Further evidence of Masha’s selfish approach to life is her indifference to her child. After her marriage, she spends her time helping her mother care for the estate where Constantine lives. When Simon pleads for her to come home to him and their child, she speaks to him abruptly: “Can’t you leave me alone?” (103), nearly the same words Constantine once spoke to her. Because of the different ways that Constantine and Masha escape their love, he through suicide, she through marriage to Simon, Chekhov points out that selfishness manifests itself in many ways; however, all selfish pursuits of happiness lead to unhappiness.
In Nina, Chekhov continues to portray blindness and selfishness, while adding a small variation. Nina’s blindness, unlike that of Constantine and Masha, does not come from focusing on unrequited love. Unlike the other two, Nina finds the strength to carry on despite her unrequited love for Trigorin. When he abandons her for “former attachments” (106), Nina has a chance to start her life over. However, in rebuilding her life, Nina allows her passion for the theatre to take the place of her passion for Trigorin. Where Constantine and Masha focus on love, Nina throws herself into the theatre and her goal of being a great actress. Consequently, she is still blind and selfish. Although Nina has “found her road and [knows] where [she’s] going” (114), she doesn’t see who she is leaving behind. Consequently, she hurts Constantine just as much as he hurts Masha. In Nina, Chekhov shows us that allowing anything to completely consume all our energy is harmful. This builds on the hyperbolic selfishness already seen in Constantine and Masha. It also shows that none of their feelings are really love for anyone besides themselves. All any of them care about is getting what they want. None of them are grateful for what they already have.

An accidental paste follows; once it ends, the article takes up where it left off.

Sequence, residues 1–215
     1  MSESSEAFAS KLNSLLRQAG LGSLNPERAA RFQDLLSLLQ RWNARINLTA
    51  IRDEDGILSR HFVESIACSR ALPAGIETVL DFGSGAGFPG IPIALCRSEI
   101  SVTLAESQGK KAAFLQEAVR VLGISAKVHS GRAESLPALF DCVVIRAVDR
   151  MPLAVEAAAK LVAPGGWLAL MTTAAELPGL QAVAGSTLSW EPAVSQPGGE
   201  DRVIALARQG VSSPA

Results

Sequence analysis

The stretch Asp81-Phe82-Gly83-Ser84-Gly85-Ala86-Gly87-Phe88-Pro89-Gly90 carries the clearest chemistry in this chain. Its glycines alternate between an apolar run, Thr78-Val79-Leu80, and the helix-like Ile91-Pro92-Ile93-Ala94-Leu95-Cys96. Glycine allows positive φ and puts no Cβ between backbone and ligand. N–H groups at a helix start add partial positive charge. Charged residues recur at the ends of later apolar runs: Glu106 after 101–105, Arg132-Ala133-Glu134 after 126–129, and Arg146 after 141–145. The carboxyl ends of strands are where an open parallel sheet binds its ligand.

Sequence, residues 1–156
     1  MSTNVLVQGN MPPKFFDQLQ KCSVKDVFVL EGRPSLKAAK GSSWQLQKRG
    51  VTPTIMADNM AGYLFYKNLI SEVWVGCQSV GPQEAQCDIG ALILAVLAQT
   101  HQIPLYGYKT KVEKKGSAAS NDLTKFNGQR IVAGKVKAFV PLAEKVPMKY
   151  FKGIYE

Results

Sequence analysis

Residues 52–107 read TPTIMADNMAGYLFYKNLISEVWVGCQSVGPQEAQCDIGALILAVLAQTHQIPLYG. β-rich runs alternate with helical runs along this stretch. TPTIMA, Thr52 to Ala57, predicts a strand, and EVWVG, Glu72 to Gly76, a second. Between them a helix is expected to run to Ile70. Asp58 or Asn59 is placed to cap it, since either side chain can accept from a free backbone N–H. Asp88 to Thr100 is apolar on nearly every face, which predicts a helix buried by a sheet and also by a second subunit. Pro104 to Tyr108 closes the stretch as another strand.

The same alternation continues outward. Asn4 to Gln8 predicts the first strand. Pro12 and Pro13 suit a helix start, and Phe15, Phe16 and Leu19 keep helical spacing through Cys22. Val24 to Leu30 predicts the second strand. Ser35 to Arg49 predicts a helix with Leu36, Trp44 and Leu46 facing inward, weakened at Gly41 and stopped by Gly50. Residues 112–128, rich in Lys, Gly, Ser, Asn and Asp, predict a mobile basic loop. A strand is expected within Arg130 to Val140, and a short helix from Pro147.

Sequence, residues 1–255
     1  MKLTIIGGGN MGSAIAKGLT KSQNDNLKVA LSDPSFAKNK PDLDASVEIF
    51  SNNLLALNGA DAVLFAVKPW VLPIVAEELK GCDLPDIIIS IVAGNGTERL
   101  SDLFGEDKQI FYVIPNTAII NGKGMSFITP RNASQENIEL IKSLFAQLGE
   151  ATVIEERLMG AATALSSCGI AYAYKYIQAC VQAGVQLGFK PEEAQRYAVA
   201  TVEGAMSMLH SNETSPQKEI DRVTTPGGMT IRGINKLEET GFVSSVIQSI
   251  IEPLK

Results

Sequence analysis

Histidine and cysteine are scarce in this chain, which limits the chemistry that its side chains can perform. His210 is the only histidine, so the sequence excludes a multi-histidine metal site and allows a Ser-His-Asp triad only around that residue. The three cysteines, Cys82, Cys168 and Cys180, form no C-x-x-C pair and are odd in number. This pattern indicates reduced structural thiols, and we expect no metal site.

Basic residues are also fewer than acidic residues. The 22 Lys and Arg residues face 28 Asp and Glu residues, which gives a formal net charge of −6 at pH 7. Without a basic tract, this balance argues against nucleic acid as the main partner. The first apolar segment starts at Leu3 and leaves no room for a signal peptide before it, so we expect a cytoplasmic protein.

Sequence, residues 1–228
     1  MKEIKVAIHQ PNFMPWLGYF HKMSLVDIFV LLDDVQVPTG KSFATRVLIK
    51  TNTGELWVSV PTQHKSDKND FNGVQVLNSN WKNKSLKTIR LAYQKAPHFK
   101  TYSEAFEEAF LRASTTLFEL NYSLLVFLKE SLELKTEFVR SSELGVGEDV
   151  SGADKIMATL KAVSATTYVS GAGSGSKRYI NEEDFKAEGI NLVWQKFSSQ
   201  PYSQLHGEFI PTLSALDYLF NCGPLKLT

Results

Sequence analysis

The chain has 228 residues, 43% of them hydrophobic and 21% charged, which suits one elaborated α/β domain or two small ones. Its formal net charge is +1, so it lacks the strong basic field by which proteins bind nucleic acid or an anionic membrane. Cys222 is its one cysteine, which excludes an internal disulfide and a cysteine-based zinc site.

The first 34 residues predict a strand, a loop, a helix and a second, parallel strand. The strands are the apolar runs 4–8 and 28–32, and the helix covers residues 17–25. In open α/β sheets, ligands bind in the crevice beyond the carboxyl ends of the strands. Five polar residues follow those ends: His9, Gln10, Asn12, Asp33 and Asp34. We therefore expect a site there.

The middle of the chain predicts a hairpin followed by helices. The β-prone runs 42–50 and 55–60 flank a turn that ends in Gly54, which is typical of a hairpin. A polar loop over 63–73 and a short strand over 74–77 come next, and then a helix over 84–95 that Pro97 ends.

Contrasted with the character of Simon Medvedenko, Constantine, Masha, and Nina appear even more flawed. Unlike them, Simon seeks for more than just his own happiness. He is genuinely concerned for the welfare of those around him. From his salary as a schoolmaster (twenty-three roubles a month), he supports his mother, his two sisters, and his younger brother (67). In addition, Simon cares for Masha as more than just a means to make himself happy. We see this from the beginning of the play, where he asks, “Why do you wear black all the time?” (67). He seeks to see why Masha is “in mourning for [her] life,” because he loves her unselfishly. This is further evidenced by the fact that Simon loves Masha enough to marry her, even when he can see that she doesn’t love him. Simon thinks about more than just his own situation; he cares about her and their child. Because of his selflessness, Simon is not blind to Masha’s feelings the way that she is blind to his.
Through his use of hyperbole, Chekhov strongly persuades his audience that selfishness leads to unhappiness. However, he does not show us the effects of unselfishness. Simon’s story is left unfinished. We never see whether he actually achieves happiness. This is an accurate representation of real life, where we may not know the results of our actions until much later. Therefore, it is up to us to make the choices that can bring lasting happiness, by caring for other’s needs, rather than selfishly engaging in a misguided pursuit of happiness. That path leads to misery.